character of extraterrestrial intelligence
Science fiction has envisaged the possibility of everything from kind, wise, and even cute extraterrestrials, like ET, to utterly malicious, scheming monsters, like Giger's Alien. On balance, ever since Wells unleashed his marauding Martians (see War of the Worlds), the fictional creatures from "out there" have tended to be of the usurping, death-ray variety - not surprisingly, since this makes for a more compelling plot. But if we do encounter other intelligences among the stars, will they in reality prove to be friendly or hostile?
A poll conducted for The Planetary Society by the Marist Institute in 1998 suggested that 86% of Americans who think there is life on other planets believe it will be friendly (see opinion polls, about extraterrestrials). Similar optimism has been expressed by many scientists who have figured prominently in the search for extraterrestrial life, including Frank Drake, Philip Morrison, Carl Sagan, and Ronald Bracewell. An argument in favor of alien beneficence is that any race which has managed to survive the kind of global crises currently facing humanity (and which presumably confront all technological species at some stage in their development) is likely to have resolved the sources of conflict we still have on Earth (see extraterrestrial civilizations, hazards to). Morrison, for instance, doubted that advanced societies "crush out any competitive form of intelligence, especially when there is clearly no danger." Similarly, Arthur C. Clarke has stated that:
As our own species is in the process of proving, one cannot have superior science and inferior morals. The combination is unstable and self-destroying.
However, there can be no assurance on this point. After all, human beings appear to have made very little progress, over the past two millennia or so, toward eliminating or controlling their aggressive tendencies. And there is no reason to suppose we shall change much in this respect over the next few centuries, during which time we may well develop the means of reaching the stars in a realistic timescale. Those who are pessimistic about the general nature of extraterrestrials argue that Darwinism, and its fundamental tenet "survival of the fittest", virtually guarantees that any advanced species will be potentially dangerous. Michael Archer, professor of biology at the University of New South Wales, Australia, has put it this way:1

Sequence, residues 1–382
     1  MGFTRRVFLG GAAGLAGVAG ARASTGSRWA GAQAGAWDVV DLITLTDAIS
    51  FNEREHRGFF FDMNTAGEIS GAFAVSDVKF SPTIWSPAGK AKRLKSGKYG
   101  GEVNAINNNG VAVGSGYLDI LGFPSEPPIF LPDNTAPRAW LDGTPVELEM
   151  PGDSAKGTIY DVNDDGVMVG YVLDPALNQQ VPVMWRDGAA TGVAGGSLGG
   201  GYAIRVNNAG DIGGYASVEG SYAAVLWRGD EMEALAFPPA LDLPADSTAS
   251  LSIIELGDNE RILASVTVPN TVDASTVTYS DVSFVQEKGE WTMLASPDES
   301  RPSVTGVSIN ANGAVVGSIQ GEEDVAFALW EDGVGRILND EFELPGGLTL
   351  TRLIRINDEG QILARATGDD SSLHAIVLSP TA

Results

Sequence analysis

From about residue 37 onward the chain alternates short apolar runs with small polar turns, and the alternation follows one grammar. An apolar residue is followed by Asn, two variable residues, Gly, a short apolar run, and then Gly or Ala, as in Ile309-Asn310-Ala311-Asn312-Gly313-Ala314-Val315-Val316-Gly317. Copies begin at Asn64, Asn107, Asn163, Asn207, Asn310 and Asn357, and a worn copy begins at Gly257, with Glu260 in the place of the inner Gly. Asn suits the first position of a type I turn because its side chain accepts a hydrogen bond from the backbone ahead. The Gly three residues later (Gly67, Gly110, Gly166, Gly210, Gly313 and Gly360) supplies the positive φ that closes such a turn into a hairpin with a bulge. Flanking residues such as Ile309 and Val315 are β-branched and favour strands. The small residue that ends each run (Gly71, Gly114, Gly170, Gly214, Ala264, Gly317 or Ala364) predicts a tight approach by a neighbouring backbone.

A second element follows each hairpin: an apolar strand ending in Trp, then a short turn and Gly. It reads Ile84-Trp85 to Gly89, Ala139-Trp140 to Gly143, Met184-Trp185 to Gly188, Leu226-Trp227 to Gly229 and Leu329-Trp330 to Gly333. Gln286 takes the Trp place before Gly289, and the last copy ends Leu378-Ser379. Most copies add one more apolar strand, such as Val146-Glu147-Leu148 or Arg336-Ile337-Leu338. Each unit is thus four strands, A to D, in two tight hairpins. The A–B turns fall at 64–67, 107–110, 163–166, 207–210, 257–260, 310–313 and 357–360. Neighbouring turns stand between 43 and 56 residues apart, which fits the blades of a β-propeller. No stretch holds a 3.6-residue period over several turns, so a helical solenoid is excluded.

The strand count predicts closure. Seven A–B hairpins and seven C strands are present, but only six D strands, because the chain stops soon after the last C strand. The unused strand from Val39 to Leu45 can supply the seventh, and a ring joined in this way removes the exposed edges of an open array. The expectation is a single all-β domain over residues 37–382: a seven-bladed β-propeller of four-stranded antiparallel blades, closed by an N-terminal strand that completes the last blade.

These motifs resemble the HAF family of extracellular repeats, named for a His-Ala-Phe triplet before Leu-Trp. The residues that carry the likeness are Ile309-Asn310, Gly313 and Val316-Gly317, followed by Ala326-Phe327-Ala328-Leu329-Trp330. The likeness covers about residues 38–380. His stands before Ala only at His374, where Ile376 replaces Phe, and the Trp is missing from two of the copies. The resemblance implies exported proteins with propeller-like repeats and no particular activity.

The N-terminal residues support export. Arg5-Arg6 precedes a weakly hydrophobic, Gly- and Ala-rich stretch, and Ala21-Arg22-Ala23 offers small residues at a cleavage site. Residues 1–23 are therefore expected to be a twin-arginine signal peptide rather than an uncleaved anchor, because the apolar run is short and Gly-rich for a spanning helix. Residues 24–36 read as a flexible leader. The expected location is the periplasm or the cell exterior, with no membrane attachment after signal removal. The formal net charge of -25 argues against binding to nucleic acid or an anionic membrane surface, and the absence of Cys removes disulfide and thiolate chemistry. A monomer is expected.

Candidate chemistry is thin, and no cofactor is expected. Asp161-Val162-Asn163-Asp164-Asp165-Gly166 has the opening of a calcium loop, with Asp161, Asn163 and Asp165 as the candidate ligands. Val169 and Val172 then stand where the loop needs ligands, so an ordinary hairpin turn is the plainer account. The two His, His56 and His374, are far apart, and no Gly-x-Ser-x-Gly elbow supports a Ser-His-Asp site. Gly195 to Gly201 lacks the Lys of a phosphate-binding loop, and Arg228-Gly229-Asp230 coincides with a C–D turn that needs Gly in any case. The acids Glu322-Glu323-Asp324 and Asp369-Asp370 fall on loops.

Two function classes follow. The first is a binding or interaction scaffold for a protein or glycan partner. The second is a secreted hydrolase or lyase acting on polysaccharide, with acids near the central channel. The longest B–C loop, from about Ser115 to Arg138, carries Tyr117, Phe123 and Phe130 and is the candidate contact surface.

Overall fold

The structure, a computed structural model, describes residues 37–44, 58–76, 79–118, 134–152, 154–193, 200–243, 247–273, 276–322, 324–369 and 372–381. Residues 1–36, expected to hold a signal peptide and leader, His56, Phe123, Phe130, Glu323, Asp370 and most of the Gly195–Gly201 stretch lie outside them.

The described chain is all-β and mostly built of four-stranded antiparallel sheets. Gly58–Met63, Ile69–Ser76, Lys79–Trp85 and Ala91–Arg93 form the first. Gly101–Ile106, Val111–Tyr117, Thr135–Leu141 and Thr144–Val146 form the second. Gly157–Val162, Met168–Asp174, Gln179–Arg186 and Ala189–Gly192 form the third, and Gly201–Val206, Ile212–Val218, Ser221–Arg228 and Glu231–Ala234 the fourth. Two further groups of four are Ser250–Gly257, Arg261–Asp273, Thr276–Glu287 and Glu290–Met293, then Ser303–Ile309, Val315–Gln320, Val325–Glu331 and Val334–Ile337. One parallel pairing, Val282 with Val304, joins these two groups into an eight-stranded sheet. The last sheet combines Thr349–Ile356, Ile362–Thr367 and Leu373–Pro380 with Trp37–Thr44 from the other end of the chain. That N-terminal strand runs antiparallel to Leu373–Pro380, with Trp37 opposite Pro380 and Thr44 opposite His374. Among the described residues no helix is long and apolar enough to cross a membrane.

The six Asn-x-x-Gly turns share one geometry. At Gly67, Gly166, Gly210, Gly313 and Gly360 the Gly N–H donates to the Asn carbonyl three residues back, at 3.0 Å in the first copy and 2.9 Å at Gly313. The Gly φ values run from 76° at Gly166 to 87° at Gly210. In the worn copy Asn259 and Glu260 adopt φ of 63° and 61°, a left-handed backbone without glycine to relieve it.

Any creature we contact will also have had to claw its way up the evolutionary ladder and will be every bit as nasty as we are. It will likely be an extremely adaptable, extremely aggressive super-predator.
In a similar vein, medical anthropologist Melvin Korner has written that:
Evolution predicts the existence of selfishness, arrogance and violence on other planets even more surely than it predicts intelligence. If they could get to Earth, extraterrestrials would do to us what we have done to lesser animals for centuries.
In 1964, Freeman Dyson considered the two polar extremes to which intelligence might evolve:2
Intelligence may indeed be a benign influence, creating isolated groups of philosopher-kings far apart in the heavens and enabling them to share at leisure their accumulated wisdom ... [On the other hand] intelligence may be a cancer of purposeless technological exploitation, sweeping across a galaxy as irresistibly as it has swept across our own planet ... the technological cancer could spread over a whole galaxy in a few million years, a time very short compared with the life of a planet... Our business as scientists is to search the universe and find out what is there. What is there may conform to our moral sense or it may not... It is just as unscientific to impute to remote intelligences wisdom and serenity as it is to impute to them irrational and murderous impulses. We must be prepared for either possibility and conduct our searches accordingly.
Perhaps the most reasonable assumption, in the absence of any data, is that, just as in our own case, the potential for good and evil will exist in every intelligent extraterrestrial race. Civilization is unthinkable without some measure of compassion, and yet how could a species that had emerged successfully after several billion years of live-and-let-die biological competition not also possess a ruthless streak? The question is surely not whether any advanced race we may meet among the stars is capable of aggression – it certainly will be unless it has genetically or otherwise altered itself to be purely pacific – but whether it has learned to override its more basic instincts. A further point to bear in mind is the variation in character which can exist between individuals within a species. Will the first representative of an alien race that we encounter be a Hitler or a Gandhi? Fears about what consequences might follow from making contact with a superior species, malevolent or benign, have led to calls from some leading scientists to avoid attempts at CETI (see CETI, opposition to).3
1. Archer, M., "Slime Monsters Will Be Human Too," Nature Australia, 22, 546 (1989).
2. Dyson, F. J. Letter, Scientific American, 210 (4) (April 1964).
3. Baird, John. The Inner Limits of Outer Space. Hanover, N.H.: University Press of New England (1987).